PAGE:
There was no interruption from Killer Kross like I had thought, but as Candice helped her hubby to the car, they walked past another car with two people in it. Two people that looked like it could have been Killer Kross and Scarlett Bordeaux.
Overall, the match was something different. It didn’t completely work. It felt too long, especially without the lack of any noise outside what came out of their mouths. But they presented it different than the other matches we see and the story beats they did hit were very good.
Io Shirai won the women’s ladder match to crown a new #1 contender for Charlotte Flair’s Women’s title.
It was a good match that was loaded with the action you’d expect. It wasn’t too long. (Ended around 8:30 and there was time spent on entrances.) Keeping it short helps when there’s no crowd to feed the energy needed.
All the women had their moments. Io had her impressive rope walk after getting her ladder pushed that she turned into a dive onto the rest. Tegan Nox & Mia Yim had the chokeslam/powerbomb combo to Raquel González, putting Dakota Kai’s heavy through the table.
It was the first look at Robert Stone really trying to pay dividends as he attempted to pull Chelsea up the ladder from the other side. They were of course thwarted, but it established Stone as someone all of Green’s opponents need to keep an eye on.
Shirai winning has its upside and downside. The upside is we get to see her face Charlotte Flair in what can be an excellent match. The downside is, more often than not, a new champion wins their first feud. And I don’t see that changing here. Io Shirai has been rather protected, especially since her heel(ish) turn. But there’s still nothing to show they see her as a champion caliber talent.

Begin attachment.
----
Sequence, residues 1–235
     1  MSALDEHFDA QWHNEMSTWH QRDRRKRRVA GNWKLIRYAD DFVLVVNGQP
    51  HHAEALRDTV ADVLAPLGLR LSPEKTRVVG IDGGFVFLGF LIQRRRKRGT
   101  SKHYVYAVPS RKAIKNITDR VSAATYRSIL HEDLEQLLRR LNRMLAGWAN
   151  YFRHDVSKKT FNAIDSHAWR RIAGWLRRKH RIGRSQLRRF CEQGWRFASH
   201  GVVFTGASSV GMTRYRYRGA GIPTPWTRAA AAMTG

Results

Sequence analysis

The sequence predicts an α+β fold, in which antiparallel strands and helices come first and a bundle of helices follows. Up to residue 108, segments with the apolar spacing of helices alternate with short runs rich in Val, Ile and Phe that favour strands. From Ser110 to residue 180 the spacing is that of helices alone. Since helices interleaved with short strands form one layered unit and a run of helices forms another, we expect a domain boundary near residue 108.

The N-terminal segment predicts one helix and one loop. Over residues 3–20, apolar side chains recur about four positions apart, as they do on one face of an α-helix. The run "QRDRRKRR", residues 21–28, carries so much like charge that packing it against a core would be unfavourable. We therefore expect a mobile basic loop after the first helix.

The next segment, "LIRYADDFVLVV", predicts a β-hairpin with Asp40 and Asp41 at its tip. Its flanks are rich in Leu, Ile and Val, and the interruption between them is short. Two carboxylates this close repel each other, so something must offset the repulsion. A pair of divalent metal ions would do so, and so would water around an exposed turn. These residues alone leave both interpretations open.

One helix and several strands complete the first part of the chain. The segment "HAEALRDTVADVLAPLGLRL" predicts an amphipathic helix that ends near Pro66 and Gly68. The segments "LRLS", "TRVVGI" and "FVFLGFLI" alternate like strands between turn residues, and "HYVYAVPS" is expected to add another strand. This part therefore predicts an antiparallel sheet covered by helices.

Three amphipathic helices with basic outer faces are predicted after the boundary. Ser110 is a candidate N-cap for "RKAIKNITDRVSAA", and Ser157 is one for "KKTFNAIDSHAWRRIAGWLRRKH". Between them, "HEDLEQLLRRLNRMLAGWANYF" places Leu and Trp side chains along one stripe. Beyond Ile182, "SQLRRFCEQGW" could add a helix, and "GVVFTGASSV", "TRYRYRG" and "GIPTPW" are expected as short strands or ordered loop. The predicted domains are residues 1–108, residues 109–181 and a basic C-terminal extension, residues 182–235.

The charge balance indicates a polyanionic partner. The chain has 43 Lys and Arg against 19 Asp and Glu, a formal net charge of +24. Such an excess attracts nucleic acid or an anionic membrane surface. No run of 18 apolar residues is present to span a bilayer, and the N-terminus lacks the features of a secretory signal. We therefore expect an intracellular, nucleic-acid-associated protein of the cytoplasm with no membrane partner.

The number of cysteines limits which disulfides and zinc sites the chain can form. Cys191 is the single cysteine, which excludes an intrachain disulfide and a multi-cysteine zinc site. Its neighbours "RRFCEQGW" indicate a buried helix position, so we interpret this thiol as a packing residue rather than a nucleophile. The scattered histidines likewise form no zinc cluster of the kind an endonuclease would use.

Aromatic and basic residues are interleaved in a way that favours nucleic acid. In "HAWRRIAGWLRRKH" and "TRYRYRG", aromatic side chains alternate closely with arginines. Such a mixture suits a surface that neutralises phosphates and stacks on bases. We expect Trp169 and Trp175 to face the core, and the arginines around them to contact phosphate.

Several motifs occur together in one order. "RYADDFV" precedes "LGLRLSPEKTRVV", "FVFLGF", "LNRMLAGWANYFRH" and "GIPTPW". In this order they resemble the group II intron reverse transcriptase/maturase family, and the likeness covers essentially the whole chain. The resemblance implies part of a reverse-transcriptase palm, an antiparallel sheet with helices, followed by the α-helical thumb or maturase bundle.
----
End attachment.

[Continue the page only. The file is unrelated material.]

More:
I think it’s more likely she loses and moves to the main roster. Either way, the match should be baller.
The Voice of NXT
Mauro Ranallo was backing calling the action. This was welcomed.
Tom Phillips and Byron Saxton were pretty good. And they used to be an NXT announce team (with Corey Graves). But Mauro is the voice of NXT.
Plus, that man can talk. One of the things his detractors point to is that he may talk too much. That he’s over the top. But that’s exactly what’s needed right now. Without a crowd to bring the energy, Mauro has stepped into that role.
During the ladder match, I didn’t notice the lack of a crowd, which could be pretty evident in a match like that. Part of that is because Mauro kept the energy and didn’t let up too much. There were no long swaths of silence, which nowadays just makes the lack of noise noticeable.
- We learned Malcolm Bivens’ tag team has a name. It’s Indus Sher, with Rinku and Saurav. This new team got a showcase win over the team of Ever-Rise. They looked pretty good for this first outing.
This was a very basic episode with just two main points - the ladder match, which was very good, and the final showdown, which had it’s moments but dragged on awhile. But still a pretty good 2 hours of wrestling.